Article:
"A report in Navy Times said that 7.3 percent of Army, Navy and Marines have thought about attempting suicide."
Tim Ryan on Wednesday, March 16th, 2011 in a House committee hearing
Rep. Tim Ryan off target in claim about service personnel contemplating suicide
During questioning of General David Petraeus, commander of U.S. forces in Afghanistan, and Michele Flournoy, undersecretary of defense for policy, Rep. Tim Ryan cited figures for military personnel who have contemplated taking their own lives
"From '05 to '09, we've had 1,100 soldiers commit suicide, one every 36 hours. A report in Navy Times said that 7.3 percent of Army, Navy and Marines have thought about attempting suicide," Ryan said at the hearing.
PolitiFact Ohio checked the first part of his quote in a separate item and rated it True. This item will just check his assertion that 7.3 percent of personnel in the Army, Navy and Marines have contemplated suicide.
We started by trying to verify the existence of the Navy Times report that Ryan mentioned, which was supposed to indicate that 7.3 percent of Army, Navy and Marines have contemplated suicide. When we couldn’t find it among Navy Times articles archived in the Lexis-Nexis database, we contacted editors at Navy Times. They confirmed that the publication never reported such a statistic.
The closest thing we found was a December 2009 article on attempted suicides in the military during 2008. It cites a Defense Department survey that found the Navy had a 2.8 percent attempted suicide rate that year, the Army had a 2 percent rate, the Marine Corps had a 2.3 percent rate and the Air Force had a rate of 1.6 percent.
It’s important to note, though, that these numbers represent service members who actually tried to kill themselves, not those who thought about suicide, as Ryan said.
But Ryan’s statistic, it turns out, evolved from this December 2009 article via a circuitous series of bloopers.
First, instead of consulting the original article or the military report from which it drew its information, Ryan got his information from a student-researched blog entry on a website operated by "Project Censored." That blog item said: "According to the Navy Times, 7.3 percent of Army, Navy and Marine soldiers reported in a survey that they had attempted suicide at one point."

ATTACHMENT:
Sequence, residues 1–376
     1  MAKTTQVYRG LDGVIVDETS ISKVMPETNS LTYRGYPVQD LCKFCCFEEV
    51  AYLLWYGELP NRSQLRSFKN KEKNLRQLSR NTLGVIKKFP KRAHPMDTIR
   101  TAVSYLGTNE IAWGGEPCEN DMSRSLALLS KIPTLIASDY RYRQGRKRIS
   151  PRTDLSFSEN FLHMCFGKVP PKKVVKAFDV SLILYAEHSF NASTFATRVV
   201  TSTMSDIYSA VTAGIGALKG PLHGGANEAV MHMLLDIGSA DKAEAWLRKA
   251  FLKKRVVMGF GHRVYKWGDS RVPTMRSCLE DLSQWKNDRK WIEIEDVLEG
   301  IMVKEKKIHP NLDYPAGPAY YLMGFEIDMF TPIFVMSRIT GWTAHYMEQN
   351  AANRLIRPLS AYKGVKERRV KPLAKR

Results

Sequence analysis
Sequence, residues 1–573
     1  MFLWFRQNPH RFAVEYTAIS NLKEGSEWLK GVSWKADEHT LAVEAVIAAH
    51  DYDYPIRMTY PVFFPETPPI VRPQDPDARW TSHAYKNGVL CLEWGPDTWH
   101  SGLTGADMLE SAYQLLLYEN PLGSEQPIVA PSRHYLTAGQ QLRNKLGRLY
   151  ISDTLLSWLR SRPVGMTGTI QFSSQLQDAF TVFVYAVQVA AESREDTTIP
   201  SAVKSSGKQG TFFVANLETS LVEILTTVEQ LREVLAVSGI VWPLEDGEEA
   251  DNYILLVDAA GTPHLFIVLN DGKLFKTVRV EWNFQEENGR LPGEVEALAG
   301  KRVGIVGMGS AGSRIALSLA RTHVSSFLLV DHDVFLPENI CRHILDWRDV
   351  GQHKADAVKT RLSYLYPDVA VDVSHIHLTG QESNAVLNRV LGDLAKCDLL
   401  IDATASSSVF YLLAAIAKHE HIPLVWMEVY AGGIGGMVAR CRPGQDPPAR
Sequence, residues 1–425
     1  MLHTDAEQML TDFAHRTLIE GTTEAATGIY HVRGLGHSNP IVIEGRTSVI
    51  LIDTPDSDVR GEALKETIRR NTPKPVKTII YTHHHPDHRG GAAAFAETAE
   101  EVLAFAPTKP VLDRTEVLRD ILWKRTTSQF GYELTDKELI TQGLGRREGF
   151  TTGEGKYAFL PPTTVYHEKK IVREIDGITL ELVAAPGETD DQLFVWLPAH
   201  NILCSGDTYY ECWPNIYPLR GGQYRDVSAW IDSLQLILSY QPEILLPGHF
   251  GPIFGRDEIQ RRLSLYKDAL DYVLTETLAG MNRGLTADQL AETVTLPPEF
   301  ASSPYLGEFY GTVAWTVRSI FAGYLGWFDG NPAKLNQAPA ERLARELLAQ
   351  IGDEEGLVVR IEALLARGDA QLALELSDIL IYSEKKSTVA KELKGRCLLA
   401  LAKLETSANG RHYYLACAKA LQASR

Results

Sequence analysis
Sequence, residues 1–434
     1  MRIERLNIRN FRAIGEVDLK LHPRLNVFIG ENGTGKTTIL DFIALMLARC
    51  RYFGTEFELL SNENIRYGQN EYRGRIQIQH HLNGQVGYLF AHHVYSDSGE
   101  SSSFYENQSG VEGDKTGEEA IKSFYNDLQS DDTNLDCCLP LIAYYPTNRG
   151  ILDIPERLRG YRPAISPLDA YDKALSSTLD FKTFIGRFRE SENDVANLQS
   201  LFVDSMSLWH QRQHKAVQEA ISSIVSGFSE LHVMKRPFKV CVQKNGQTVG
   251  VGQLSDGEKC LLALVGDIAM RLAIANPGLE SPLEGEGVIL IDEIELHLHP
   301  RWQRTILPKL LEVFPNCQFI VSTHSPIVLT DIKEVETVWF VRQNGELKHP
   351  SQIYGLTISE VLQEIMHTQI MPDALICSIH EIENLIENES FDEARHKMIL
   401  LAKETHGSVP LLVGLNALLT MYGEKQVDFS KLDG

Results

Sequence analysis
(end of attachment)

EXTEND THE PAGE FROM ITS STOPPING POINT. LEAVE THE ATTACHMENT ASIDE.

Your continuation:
The "Project Censored" author used an article from "The World Socialist Web Site" as his main source, and committed a math gaffe in attempting to summarize the article.
Instead of finding a combined average for suicide attempts in those three service branches, the student added the percentages together to produce an erroneously high 7.3 percent figure. The total is slightly off from the sum of the Navy Times numbers because the Socialist website incorrectly listed the Navy’s suicide attempt rate as 3 percent instead of 2.8 percent.
Finally, Ryan added in his own mistake to the mix by claiming the figure applied to suicidal thoughts instead of suicide attempts.
"Congressman Ryan unfortunately misstated the statistics," Ryan spokesman Erick Sanchez acknowledged in an email. Sanchez sent us the original government report that contains the statistics reported by Navy Times. It also contains data on suicidal thoughts by members of the U.S. military.
That report said that in 2008, almost 5 percent of Defense Department personnel said they’d seriously considered suicide. The Air Force (3.1 percent) and Coast Guard (2.8 percent) had lower rates of suicidal thoughts than the other service branches, which were all around the 5 percent mark.
Although the rate of suicidal thoughts had not increased since 2005, the report found that "all DoD services reported at least a doubling in rates of attempting suicide from 2005 to 2008." It cited an overall military rate of 2.2 percent for attempted suicides.
So where does that leave us on the Truth-O-Meter?
Through a series of goofs and misrepresentations, data about actual attempted suicides among military personnel became a number cited as the percentage of those who had contemplated suicide. The numbers Ryan cited didn’t come directly from the military. Instead, he relied on material from a blog article that used faulty mathematics to come up with an erroneous percentage.
The series of errors took data from a military report on a ridiculous course to create an inaccurate statement. On the Truth-O-Meter, that kind of a claim rates as Pants on Fire.